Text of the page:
Thursday, May 6, 2010

A Mother Lives On

Reflected in the pond, the magnolia unfolds its huge, saucer-shaped pink blooms. Planted years ago, it is a bit taller than I am - slow growing, this tree. Quiet, unobtrusive, steadfast - just as she, in whose memory it was planted, was. She’s been gone so long I sometimes wonder what I have left of her. Then I remember...

She chose a Weeping Birch for the front yard, a Flowering Crab, an apple, and a Black Walnut for the back. Her flower beds edged the yard and over the years she grew countless things I can, and some I cannot, remember. Fresh flowers, lovingly arranged, were a part of every holiday or special family occasion. In the cabin at the lake, or any place where we stayed more than one night, there might be a small bouquet of wildflowers. House plants filled the kitchen window. If she could not be outdoors, then she brought some of it in.

She nurtured us as well:
The body needs healthy nourishment - nutritious, made-from-scratch meals, every single day. Fresh fruit is the best thing for snacking. Use as much of the plant or animal as you can - waste nothing. Preserve what you can - for the long winter or the tough times. Risk a little, try new foods and recipes. SHARE your abundance with a neighbor - they will return the favor.

The mind needs stimulation - talk with your family, but more important, LISTEN. Encourage free expression of ideas, hopes, dreams and discussion of issues and events. Read to your children and promote the love of books, an interest in news and a passion for knowledge. Demonstrate creative thinking; dare to express your own view of things even if it is different from another’s point of view.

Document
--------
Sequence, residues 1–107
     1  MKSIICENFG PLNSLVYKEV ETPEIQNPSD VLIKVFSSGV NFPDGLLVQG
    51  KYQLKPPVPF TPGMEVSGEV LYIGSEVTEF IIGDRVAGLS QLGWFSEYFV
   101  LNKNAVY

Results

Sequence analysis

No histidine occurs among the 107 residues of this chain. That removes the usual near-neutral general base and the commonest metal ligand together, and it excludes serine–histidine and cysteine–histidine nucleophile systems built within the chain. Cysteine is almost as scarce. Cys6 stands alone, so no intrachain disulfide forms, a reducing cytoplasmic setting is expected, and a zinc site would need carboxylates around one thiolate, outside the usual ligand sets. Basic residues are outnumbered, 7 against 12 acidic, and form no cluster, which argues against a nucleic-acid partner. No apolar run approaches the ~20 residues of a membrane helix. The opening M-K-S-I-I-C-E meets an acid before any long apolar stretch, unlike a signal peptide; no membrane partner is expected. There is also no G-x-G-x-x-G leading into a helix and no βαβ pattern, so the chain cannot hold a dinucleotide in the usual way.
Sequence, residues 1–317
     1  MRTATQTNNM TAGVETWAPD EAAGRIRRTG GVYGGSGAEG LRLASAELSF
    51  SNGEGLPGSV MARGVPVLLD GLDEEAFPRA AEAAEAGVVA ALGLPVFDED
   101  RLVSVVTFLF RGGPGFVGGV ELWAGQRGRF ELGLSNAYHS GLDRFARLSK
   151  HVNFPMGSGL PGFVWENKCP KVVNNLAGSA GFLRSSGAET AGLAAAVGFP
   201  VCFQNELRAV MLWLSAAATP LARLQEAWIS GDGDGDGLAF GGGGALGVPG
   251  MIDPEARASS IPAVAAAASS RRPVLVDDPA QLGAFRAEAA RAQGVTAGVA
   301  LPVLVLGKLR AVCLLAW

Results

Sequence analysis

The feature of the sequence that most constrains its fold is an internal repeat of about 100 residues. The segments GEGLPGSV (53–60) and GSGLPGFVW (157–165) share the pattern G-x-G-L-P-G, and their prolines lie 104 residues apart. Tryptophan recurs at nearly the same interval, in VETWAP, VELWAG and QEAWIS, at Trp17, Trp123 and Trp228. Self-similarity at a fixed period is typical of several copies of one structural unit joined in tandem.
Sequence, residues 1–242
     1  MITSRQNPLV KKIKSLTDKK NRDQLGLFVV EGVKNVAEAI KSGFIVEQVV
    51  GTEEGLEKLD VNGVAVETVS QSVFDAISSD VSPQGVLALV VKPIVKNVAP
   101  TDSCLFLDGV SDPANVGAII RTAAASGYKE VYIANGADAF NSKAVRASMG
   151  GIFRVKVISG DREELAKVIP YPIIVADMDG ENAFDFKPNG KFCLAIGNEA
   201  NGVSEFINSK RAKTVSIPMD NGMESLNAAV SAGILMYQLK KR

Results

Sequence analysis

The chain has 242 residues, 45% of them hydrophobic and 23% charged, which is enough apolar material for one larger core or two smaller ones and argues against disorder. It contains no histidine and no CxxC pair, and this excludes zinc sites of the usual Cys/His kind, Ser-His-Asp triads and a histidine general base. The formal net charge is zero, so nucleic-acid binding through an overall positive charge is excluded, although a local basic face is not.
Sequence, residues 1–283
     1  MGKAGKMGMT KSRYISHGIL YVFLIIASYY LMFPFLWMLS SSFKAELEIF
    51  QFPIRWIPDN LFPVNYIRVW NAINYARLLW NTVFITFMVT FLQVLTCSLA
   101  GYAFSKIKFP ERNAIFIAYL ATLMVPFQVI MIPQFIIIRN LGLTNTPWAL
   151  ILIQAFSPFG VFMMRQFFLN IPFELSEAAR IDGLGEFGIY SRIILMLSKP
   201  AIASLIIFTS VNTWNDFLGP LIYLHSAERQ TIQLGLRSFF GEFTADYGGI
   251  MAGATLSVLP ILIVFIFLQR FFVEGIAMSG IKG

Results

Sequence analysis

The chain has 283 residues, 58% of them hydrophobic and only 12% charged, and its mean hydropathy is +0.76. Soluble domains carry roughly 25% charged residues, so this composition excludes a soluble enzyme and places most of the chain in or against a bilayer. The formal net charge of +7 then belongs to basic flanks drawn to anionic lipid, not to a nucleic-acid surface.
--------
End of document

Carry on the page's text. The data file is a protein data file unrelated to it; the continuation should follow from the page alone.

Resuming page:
The spirit needs renewal and revitalization - SEEK moments of peace and quiet to reflect on the greater scope of life. Eliminate excess noise and distraction. Know that you are only one part of the natural world and learn your place in it. Find joy in the small things, awe in the great. Do what you love to do.

Choose your values and value your choices. RESPECT everyone, regardless of age, color, nationality or sex - unless they give you a good reason not to - then steer clear. Learn your manners and use them, they will get you through when nothing else will.

WORK HARD at what needs to be done. If you can’t have what you’d like, then make do with what you have - and be grateful for it. There are always others better off - and worse - than you.

FIND the HUMOR in life and enjoy it to the fullest; laugh ‘til your face turns red and tears run from your eyes.

BE KIND and gentle with all life, but hold your ground when you need to and fight back if necessary. Accept your family and friends for who they are even with their various faults and idiosyncrasies. The good Lord watches over children and fools - we are all one or the other.

One year, when I was away at college, I had no money to buy her a Mothers’ Day card or gift. Instead, I wrote her a poem, which ended with:

Although I am myself, it’s true,
part of what I am, is you.

Now I know - a mother lives on through her children.

Let your father and mother be glad,
let her who bore you rejoice.
Proverbs 23.25

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